Martin Sweatman, in deciphering this ancient zodiac, has come to the conclusion that the monument is dated to the Younger Dryas Impact Event, and sees in it a monument to an ancient cataclysm. Later civilizations used the same symbols linked to the stars that were used in Göbekli Tepe, although these would have been somewhat altered over the course of thousands of years, and after several more cosmic interruptions.

It is likely, he thinks, that the gods in the world’s myths actually represent comet gods. In this blog post, Martin Sweatman has collected a number of ancient symbols from ancient artwork, which he suspects are linked to comets. It is these giant comets that he thinks inspired the construction of Göbekli Tepe, and thus also the first signs of organized religion.

In the screenshot of his website below, we see first several different illustrations of comet observations:

Martin Sweatman, Prehistory Decoded, collage of comet illustrations
Screenshot from Martin Sweatman’s blog, showing a collage of comet illustrationssource

And below, we see a collage that Martin Sweatman has made of what he suspects is comet symbolism:

Martin Sweatman, Prehistory Decoded, comet symbolism
Screenshot from Martin Sweatman’s blog, showing a collage of suspected comet symbolssource

Eventually, this ancient astronomical system would have also reached the Proto-Indo-Europeans of the Eurasian steppes, who later conquered Europe, and from which ultimately the Norse myths of Scandinavia were derived.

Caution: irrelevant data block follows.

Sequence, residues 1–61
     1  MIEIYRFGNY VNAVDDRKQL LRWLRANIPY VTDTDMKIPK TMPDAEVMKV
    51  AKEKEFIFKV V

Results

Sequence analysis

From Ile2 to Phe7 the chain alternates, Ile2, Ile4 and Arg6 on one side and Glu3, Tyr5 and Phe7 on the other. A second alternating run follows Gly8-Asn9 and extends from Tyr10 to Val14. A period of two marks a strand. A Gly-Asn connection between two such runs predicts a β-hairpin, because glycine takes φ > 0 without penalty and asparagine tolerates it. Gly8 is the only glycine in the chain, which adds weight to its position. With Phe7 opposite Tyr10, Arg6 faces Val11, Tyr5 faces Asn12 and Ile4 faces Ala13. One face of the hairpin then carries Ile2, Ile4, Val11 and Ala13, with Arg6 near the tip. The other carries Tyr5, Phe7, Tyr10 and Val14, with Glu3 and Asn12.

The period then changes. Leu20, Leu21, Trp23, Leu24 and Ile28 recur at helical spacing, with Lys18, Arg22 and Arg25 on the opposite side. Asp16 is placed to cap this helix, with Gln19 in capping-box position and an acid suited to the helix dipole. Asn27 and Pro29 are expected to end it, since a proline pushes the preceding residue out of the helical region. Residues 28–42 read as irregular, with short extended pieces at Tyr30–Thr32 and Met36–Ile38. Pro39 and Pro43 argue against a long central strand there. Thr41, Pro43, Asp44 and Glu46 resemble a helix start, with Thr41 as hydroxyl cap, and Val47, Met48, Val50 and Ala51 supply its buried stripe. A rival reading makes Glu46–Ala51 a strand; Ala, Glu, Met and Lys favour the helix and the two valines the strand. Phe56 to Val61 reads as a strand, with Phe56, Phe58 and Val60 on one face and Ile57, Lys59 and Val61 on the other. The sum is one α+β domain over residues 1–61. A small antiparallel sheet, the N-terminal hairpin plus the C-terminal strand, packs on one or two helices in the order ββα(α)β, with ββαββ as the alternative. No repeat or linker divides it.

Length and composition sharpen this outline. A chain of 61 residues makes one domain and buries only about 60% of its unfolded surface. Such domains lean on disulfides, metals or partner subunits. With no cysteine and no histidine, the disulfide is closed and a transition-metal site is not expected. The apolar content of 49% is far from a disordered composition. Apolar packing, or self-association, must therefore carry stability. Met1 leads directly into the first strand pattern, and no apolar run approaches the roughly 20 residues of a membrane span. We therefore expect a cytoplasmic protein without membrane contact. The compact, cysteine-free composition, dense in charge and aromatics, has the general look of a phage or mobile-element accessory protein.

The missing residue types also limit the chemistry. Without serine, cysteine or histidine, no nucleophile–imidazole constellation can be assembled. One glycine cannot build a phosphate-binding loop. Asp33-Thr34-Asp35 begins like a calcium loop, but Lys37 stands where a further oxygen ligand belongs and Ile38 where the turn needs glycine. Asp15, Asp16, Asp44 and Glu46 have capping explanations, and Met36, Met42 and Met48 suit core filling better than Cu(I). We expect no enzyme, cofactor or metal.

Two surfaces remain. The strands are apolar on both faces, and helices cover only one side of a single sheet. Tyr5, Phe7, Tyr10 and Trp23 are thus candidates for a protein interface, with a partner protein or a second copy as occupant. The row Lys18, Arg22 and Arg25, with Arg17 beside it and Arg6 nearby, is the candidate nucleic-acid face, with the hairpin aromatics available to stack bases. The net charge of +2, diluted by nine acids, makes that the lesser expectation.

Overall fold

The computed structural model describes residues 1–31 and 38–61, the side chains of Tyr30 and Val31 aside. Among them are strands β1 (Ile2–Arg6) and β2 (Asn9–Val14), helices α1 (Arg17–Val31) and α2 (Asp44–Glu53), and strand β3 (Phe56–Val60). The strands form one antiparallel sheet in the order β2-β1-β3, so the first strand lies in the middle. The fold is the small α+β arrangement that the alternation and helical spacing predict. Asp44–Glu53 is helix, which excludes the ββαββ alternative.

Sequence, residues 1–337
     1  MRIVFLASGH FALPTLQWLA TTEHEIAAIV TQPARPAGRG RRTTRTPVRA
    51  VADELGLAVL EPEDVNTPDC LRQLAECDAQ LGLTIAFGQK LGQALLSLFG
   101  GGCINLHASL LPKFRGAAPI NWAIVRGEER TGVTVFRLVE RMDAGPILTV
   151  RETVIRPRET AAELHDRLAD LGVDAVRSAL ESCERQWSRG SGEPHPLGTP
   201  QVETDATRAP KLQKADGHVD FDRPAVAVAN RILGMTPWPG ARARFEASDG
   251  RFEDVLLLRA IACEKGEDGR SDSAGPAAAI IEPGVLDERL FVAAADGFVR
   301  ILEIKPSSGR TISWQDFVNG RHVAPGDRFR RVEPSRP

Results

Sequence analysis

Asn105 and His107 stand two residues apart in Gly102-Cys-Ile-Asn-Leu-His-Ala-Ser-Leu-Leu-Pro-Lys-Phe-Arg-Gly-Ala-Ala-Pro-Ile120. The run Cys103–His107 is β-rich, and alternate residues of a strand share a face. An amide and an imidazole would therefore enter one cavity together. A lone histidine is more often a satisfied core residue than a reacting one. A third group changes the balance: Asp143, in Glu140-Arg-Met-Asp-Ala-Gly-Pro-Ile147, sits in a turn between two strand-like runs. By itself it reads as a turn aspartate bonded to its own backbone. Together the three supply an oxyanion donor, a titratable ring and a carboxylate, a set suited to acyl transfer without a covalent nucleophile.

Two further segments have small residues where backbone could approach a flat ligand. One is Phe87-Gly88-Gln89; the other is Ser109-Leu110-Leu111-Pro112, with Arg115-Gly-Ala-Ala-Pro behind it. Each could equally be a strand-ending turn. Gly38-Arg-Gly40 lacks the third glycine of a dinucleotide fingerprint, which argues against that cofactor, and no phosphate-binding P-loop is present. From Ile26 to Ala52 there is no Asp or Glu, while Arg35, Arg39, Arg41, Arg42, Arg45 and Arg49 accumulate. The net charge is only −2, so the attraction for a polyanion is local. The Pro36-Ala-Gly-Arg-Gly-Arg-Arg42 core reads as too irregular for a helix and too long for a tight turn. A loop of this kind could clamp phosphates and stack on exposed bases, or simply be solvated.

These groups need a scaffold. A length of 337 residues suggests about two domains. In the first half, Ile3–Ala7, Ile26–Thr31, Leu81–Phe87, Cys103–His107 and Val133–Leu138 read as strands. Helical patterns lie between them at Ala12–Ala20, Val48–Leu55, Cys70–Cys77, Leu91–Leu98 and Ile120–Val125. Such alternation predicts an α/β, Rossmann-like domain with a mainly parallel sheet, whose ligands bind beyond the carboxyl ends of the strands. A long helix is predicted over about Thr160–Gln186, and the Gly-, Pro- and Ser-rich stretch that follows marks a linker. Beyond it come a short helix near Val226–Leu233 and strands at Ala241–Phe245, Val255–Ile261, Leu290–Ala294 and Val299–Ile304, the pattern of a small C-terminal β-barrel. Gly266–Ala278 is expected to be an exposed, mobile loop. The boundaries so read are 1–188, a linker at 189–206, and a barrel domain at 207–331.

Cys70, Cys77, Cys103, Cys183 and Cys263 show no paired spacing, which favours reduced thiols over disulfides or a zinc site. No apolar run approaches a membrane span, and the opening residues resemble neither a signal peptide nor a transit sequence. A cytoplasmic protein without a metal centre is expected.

Andrew Collins thinks that the builders of Göbekli Tepe were denisovan hybrids, possibly the Swiderians. This hybrid offspring of humans and Denisovans would have come from an ancient Eurasian homeland. This takes us closer to the original homeland of the ancient Norse as well.

Denisovan DNA has even been found in modern Icelandic and Finnish people. So Iceland, the land where the Norse myths were ultimately written down, even has some genetic affinity with who Andrew Collins suspects were the builders of Göbekli Tepe.

But ultimately, this system with its astronomical tradition has dispersed around the world, and according to Laird Scranton, there were multiple key centres of learning. One of these would have been Skara Brea in the Orkney Islands around 3200 BC – again, close to Iceland, the later home of the Norse myths.

Are comets and catastrophes what the myths are all about?

I don’t deem it necessary at this point to settle for one explanation only of what the myths are about. What is sure though, is that catastrophe on an epic scale is found in myths worldwide, especially in myths dealing with the end of a world age. Martin Sweatman thinks that the experience of the Younger Dryas Impact Event was sufficient motivation for people to come together and establish the basis for an organized religious tradition, and the creation of myth.

But before the Younger Dryas, there were not only earlier episodes of cosmic catastrophe, but also long periods of relative peace and prosperity. In these periods with a more stable and favourable climate, the human spirit and civilization flourishes. It could be that in these more climatically favorable times, the horrors and the religious awe of cosmic encounters were largely forgotten, and the reverence for the sun and stars becomes more prominent.